All composers have obsessions. For John Adams, a composer who decidedly broke with the past, that obsession is Beethoven, as heard in the new album Absolute Jest.
“We have music that we love so much that we kind of want to get under the skin of that composer,” Adams says. “For me taking not so much melodies but just little harmonic fragments, like fractals, from Beethoven and putting them through the black box of my own musical personality was real stimulation to my invention.”
This album consists of two works, both distinctly contemporary, inspired by Adams’ love of Beethoven. He sat down with NPR’s Renee Montagne to talk about the string quartet concerto Absolute Jest and an older piece, Grand Pianola Music.
Would it have been — in the early ’80s and in the late ’70s — unfashionable to be evoking Beethoven, to be even loving Beethoven?
Back in 1983, new music, contemporary music, was a pretty dour affair. Composers were still arguing over tonality or dissonance. So, to write a piece that referenced Beethoven and did it in a somewhat tongue-in-cheek manner — it was considered a bit of a provocation, and, in fact, when the piece was played by the New York Philharmonic there were boos coming from the audience, which is something that didn’t happen very often.
Listening to the two of them together, which I have to say I’ve never done in all this time — what the two pieces do share is just that joy and tonality, these big rippling arpeggios that just kind of vibrate on a single key. I can talk about a passage that was really controversial where there’s the actual tune [imitates melody] that was really the moment that got sort of hardcore new music composers upset because they really did think it was a provocation to their very serious endeavors.
Most of the objections came from my fellow composers, who felt that anything that was tonal was retroactive and nostalgic and it wasn’t looking forward to the brave new world of dissonant music.
Let’s talk then about the most recent piece, Absolute Jest, that premiered about 30 years after Grand Pianola. Here there’s an echo, in a sense, of some of what you were doing. What inspired you to reach back?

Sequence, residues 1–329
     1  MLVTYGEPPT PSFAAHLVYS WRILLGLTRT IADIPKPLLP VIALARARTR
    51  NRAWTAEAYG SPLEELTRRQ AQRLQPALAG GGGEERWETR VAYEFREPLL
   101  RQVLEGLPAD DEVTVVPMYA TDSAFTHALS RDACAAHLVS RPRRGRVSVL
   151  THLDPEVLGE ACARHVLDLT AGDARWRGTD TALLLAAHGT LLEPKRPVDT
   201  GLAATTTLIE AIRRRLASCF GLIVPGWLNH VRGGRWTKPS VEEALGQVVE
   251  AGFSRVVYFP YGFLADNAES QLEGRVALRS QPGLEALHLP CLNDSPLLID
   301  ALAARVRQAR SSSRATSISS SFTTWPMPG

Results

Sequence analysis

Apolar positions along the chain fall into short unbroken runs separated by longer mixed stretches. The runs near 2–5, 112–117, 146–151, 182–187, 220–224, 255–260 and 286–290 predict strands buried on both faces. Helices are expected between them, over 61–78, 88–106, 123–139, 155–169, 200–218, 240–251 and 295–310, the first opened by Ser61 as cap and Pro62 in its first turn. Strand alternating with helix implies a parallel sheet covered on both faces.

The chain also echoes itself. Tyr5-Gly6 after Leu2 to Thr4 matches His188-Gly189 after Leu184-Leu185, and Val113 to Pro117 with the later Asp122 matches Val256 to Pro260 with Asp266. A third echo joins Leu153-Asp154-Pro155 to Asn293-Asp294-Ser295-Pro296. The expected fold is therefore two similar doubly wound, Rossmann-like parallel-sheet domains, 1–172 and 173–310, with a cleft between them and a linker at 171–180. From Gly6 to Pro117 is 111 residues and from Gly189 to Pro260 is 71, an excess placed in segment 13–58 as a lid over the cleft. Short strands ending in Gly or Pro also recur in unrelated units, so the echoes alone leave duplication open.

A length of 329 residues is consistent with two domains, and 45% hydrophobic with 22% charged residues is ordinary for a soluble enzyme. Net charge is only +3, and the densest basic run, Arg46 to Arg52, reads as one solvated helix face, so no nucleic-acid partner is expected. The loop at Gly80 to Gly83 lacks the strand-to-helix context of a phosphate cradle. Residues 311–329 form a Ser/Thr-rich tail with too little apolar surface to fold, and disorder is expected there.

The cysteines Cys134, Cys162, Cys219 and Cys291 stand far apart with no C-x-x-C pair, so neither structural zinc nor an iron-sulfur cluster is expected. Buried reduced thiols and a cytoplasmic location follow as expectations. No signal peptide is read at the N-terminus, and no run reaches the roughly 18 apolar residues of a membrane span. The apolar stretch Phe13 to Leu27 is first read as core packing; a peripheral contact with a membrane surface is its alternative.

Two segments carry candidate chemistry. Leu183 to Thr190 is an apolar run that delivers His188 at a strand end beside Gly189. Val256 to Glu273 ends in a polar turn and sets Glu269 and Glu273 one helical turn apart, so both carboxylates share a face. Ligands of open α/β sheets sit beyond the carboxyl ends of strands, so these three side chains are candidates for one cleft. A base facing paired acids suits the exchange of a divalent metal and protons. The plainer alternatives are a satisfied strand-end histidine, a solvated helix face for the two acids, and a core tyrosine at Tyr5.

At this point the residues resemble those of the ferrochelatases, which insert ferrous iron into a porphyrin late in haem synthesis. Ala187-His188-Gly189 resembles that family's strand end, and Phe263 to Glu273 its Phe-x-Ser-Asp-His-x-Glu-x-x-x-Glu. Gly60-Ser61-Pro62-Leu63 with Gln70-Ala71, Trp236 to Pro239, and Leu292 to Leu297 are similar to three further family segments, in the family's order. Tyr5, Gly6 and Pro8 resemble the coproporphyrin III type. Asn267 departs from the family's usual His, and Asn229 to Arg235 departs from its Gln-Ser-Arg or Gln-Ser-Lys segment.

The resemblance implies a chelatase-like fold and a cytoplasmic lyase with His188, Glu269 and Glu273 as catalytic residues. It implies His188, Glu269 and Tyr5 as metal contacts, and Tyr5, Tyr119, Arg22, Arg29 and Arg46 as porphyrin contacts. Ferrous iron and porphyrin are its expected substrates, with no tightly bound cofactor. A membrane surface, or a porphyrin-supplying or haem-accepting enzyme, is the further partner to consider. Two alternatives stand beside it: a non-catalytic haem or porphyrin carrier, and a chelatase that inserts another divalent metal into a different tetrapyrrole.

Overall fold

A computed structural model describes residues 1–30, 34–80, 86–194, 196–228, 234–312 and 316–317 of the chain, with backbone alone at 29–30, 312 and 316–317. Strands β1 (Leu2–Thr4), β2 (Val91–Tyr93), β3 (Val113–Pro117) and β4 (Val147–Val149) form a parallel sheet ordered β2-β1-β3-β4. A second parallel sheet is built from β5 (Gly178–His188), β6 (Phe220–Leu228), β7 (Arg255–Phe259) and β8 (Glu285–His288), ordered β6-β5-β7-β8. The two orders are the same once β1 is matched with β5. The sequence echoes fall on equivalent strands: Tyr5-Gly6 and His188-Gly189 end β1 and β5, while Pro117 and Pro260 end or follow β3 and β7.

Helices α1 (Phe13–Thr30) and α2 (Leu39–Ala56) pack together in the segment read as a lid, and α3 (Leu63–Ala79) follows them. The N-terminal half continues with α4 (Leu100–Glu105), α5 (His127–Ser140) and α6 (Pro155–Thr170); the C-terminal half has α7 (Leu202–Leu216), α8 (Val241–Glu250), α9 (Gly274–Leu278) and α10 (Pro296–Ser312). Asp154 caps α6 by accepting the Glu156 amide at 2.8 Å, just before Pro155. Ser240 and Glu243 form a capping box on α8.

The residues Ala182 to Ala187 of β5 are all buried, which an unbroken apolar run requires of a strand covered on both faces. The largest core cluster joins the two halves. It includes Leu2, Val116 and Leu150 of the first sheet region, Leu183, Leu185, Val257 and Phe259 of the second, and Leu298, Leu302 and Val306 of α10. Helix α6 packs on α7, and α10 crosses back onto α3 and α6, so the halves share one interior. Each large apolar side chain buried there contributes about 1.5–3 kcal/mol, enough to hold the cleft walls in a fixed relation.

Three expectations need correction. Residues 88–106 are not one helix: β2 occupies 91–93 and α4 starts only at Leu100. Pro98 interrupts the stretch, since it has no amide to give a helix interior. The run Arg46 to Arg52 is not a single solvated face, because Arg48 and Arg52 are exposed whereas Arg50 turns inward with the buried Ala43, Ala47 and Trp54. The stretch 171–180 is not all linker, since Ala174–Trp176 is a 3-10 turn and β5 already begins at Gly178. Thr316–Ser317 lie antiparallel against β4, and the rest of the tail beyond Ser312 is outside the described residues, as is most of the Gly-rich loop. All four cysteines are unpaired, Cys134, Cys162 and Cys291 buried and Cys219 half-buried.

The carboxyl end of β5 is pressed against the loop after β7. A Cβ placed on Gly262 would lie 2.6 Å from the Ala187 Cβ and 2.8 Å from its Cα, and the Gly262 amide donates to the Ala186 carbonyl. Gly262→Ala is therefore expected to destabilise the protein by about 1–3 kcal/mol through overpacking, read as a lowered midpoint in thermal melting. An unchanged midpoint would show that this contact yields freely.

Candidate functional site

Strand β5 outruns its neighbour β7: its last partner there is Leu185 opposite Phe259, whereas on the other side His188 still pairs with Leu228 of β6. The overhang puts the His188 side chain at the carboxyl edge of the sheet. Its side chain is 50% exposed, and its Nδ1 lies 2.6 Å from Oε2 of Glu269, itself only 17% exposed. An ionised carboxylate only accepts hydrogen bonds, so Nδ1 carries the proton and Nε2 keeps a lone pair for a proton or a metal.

Well, I heard a performance of the wonderful ballet by Stravinsky called Pulcinella, and in Pulcinella, Stravinsky’s manager, Diaghilev, suggested that he take very old Baroque music and put it through the machine of Stravinsky’s musical personality and I was inspired by that idea. So, I took very, very small melodic fragments from some of my favorite Beethoven.
It’s a little like sampling.
Yeah, I think that you can make a case that my use of Beethoven here is a form of sampling, although I do many different things with it — I transpose the music, I turn it upside down, I extend things, I telescope them. I mix them together.
I don’t think you can appreciate my music without being fundamentally musically literate. I’m writing music for people who do know Beethoven and do know Mahler and do know Stravinsky in the same way that most contemporary novelists or poets assume some form of literacy from their reader, and you know, we live in a culture where popular culture is so prestigious and so pervasive that it’s kind of hard to shout through the storm.
But my goal really is to really create something that is not only appreciable now, but 100 or 200 or 300 years from now will be even more appreciated as a document of what it was like to be alive during this time.